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Greenland Forest City: mum on new construction; full market-rate building now unlikely; three sites no longer being marketed

Last night's bi-monthly Atlantic Yards/Pacific Park Quality of Life meeting, held at 55 Hanson Place, also aired concerns about the giant green fence and other issues, which I covered separately.

Maybe it's the calm before the construction storm. Surely changes in Atlantic Yards/Pacific Park are percolating.

But ever since Forest City Realty Trust, the junior partner in Pacific Park, last November announced that market conditions put development on hold, there hasn't been much positive news.

Last night, a representative of the joint venture Greenland Forest City Partners (GFCP) had exactly zero information about any upcoming construction starts, despite announced--but paused--plans for two towers, 664 Pacific (B15) and 615 Dean (B12).

Not only that, Forest City New York's Ashley Cotton expressed doubt that any market-rate building could be built, given the current state of the 421-a tax break, and essentially acknowledged that the joint venture had given up on its effort to attract investors--or buyers--for three project parcels.

Prospect Heights resident Gib Veconi asked Cotton for any update on timing for construction on the two unbuilt lots on the project's southeast block, known as B12 and B13. (Two buildings bookending the block, the rental tower 535 Carlton and the condo tower 550 Vanderbilt, have been constructed.)

My October 2016 annotation of a previous tentative schedule
The impact of 421-a

Cotton said she had no plans to share. "We have just gotten through 421-a," she said of the revised state tax break, which does not extend to Brooklyn condos--which were planned on those sites. "We are in the middle of constant back-and- forth related to all our buildings, in the new era of 421-a today."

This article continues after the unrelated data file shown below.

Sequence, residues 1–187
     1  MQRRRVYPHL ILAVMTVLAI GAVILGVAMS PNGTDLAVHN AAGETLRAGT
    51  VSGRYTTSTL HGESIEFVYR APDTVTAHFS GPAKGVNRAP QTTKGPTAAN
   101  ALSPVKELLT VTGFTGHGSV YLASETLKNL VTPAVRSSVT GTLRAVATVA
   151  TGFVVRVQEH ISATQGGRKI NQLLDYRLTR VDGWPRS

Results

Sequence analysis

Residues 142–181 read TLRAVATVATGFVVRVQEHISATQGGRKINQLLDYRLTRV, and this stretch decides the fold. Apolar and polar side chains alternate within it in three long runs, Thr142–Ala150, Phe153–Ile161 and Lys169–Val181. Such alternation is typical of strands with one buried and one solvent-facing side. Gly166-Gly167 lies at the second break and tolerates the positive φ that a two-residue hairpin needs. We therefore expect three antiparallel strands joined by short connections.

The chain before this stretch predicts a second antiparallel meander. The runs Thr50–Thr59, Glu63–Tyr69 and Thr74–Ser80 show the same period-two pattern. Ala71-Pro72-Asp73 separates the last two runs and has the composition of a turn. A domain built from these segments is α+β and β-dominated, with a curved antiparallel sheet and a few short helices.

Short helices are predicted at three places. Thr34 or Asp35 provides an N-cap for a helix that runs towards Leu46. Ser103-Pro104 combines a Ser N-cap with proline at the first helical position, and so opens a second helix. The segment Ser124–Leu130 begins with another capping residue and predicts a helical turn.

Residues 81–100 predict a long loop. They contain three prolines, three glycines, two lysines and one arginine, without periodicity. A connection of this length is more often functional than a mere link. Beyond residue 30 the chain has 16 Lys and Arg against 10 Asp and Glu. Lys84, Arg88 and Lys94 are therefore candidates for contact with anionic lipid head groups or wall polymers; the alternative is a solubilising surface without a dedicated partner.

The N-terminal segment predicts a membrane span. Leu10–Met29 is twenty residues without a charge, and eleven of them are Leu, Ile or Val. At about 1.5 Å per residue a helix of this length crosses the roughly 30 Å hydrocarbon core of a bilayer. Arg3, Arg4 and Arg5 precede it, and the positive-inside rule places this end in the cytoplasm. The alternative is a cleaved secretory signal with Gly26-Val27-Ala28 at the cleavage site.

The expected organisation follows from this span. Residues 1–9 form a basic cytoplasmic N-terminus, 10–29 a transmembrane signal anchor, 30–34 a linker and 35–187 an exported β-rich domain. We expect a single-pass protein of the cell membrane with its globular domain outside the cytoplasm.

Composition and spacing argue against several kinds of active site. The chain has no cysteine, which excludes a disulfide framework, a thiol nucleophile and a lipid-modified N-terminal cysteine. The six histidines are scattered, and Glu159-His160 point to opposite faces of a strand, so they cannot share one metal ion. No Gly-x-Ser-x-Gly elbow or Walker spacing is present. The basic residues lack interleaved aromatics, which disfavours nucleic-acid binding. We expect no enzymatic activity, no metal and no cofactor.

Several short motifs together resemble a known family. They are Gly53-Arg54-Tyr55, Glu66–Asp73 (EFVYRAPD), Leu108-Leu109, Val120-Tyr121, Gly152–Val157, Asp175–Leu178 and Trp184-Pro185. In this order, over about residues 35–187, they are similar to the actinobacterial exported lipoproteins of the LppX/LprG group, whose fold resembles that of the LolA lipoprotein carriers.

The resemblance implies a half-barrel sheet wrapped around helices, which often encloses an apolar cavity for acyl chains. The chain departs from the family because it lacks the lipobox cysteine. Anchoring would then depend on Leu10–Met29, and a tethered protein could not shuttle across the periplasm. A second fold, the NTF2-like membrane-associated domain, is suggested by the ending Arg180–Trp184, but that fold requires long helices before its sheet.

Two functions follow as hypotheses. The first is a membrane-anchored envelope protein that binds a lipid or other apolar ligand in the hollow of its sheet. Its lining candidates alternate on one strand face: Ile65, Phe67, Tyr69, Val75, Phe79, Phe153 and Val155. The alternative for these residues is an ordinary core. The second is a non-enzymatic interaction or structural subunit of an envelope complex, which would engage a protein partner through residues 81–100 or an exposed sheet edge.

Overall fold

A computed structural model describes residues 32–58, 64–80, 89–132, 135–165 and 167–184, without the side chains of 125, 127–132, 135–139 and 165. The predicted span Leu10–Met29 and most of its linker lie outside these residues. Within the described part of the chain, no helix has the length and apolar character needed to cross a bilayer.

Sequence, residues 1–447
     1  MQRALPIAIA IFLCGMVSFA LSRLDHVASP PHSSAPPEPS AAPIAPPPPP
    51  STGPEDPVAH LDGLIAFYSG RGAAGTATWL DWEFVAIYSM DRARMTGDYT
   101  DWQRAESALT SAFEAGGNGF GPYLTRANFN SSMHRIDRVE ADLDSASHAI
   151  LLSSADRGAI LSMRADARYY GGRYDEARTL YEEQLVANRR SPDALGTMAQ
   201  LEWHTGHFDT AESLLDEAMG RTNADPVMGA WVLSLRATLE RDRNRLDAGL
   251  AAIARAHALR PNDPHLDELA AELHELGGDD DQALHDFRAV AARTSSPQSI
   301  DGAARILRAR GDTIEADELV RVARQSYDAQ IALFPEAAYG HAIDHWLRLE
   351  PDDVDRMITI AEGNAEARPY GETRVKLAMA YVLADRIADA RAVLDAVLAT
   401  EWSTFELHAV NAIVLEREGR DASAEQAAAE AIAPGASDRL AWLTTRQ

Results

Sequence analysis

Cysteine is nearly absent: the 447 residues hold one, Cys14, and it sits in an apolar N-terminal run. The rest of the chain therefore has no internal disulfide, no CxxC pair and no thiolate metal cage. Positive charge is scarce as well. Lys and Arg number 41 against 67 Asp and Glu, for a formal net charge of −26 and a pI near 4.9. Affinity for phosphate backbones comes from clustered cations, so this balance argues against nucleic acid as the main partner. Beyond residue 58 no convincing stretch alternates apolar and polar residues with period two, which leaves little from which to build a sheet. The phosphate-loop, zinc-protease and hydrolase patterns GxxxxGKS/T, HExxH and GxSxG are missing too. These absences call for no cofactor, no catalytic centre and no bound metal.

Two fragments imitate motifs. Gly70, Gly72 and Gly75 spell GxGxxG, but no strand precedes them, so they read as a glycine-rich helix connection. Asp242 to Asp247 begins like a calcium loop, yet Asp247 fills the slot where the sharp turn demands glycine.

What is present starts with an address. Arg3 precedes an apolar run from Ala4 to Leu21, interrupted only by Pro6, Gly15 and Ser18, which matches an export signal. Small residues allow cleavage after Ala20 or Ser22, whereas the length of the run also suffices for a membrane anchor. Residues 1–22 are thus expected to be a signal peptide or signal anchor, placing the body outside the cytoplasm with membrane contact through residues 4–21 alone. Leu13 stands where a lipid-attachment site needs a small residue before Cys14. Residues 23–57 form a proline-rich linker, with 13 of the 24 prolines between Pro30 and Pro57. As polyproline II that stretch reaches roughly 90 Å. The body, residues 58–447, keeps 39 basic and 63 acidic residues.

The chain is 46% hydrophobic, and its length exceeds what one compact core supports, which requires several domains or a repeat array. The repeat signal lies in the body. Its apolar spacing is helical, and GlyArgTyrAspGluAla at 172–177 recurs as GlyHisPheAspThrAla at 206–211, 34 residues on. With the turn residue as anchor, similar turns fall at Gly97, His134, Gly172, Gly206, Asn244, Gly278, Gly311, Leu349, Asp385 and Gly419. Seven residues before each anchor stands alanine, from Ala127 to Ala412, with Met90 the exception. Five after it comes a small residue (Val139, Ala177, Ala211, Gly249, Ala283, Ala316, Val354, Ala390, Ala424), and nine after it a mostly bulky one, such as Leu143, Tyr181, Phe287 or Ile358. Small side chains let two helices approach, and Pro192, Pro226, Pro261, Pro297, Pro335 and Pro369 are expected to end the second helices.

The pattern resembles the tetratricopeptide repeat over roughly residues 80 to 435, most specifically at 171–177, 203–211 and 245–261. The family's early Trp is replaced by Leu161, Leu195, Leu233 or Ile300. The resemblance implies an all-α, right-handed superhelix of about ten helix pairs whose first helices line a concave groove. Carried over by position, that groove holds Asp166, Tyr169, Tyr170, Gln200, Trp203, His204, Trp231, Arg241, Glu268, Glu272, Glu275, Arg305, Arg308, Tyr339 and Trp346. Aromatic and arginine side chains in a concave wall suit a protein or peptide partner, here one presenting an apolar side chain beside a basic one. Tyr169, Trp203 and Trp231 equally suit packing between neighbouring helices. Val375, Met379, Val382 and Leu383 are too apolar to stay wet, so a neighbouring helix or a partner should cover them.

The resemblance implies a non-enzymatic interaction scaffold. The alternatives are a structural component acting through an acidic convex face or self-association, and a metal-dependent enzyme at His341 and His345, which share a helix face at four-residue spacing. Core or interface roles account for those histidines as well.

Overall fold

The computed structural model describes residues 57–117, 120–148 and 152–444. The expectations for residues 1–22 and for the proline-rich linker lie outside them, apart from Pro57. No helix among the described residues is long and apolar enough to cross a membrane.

(Actually, the partners in the Greenland Forest City Partners joint venture may not be completely on the same page, as representatives of Forest City Realty Trust have expressed caution about new construction starts, while Greenland USA's president has said that one or two buildings will likely break ground this year.)

Cotton said that not only is the old 421-a gone, the rules that governed a project-wide tax abatement are gone, too. So there's no longer is there a carve-out allowing 421-a benefits for a market-rate building as long as the overall project meets affordable threshold.

"We're obviously seeing that a full market-rate building is probably not a reality anymore, given that we don’t have a project wide abatement program," Cotton said.

So GFCP is doing what any developer does, she said, analyzing the financial dynamics of each site.

But Forest City has said that the B12 site has the old 421-a tax break grandfathered in, as has the rental building B15 (aka 664 Pacific), slated to contain a school. (The building has been on hold, first because of a lawsuit with a neighbor about access to that property, now resolved, but reportedly because discussions with that neighbor continue.)

Cotton acknowledged that the developer had that flexibility, but said they're analyzing the revised law: "we got a new 421-a, we may decide it’s better, or worse."

Site 5

Does GFCP have any update on plans for Site 5, which could contain a giant two-tower project catercorner to the arena, on parcels now occupied by P.C. Richard and Modell's?

"Not today," Cotton said. (Any such plans will require a state revision of the project's General Project Plan, including public hearings.)

Marketing three sites

What about marketing three sites? In May, I wrote that the uncertainly about 421-a and condos surely has hindered the effort, announced more than a year ago, to market three buildings containing condos--B12, B13, B4--to outside investors.

Veconi asked if they were still being marketed.

"That’s not really the right way to think about it," Cotton responded. "As a JV [joint venture], are we always interested in seeing what deals are out there? Yes. Is there like a [marketing] book on the street? There was once... We’re looking to make the best deals we can, at any given time, to make sure, a) we meet our obligations, and b) build buildings that make sense."

Of course the obligations may be malleable, as in the example of affordable housing.

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